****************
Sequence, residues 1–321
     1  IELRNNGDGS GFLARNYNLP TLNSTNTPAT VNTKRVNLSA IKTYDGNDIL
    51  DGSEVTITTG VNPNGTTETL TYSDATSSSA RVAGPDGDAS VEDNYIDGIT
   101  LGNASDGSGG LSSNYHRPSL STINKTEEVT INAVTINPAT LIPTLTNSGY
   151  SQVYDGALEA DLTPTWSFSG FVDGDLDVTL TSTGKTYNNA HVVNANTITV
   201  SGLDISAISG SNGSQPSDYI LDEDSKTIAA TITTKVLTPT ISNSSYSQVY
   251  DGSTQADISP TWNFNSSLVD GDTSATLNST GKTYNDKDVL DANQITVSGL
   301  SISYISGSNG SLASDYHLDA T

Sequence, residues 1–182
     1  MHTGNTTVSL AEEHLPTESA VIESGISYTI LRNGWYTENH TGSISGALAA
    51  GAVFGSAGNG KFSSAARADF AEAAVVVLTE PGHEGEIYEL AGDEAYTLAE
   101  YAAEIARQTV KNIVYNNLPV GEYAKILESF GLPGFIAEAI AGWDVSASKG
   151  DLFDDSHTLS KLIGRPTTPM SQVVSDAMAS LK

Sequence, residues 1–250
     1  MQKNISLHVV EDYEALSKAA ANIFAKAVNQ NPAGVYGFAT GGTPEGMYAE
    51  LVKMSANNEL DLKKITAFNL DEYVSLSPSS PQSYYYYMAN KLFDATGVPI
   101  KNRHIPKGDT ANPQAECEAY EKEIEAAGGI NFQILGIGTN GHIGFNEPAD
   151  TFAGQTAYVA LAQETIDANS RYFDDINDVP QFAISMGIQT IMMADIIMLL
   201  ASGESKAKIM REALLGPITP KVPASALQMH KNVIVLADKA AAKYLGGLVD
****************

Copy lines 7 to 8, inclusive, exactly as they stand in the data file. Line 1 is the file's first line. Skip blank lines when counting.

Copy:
   251  DGSTQADISP TWNFNSSLVD GDTSATLNST GKTYNDKDVL DANQITVSGL
   301  SISYISGSNG SLASDYHLDA T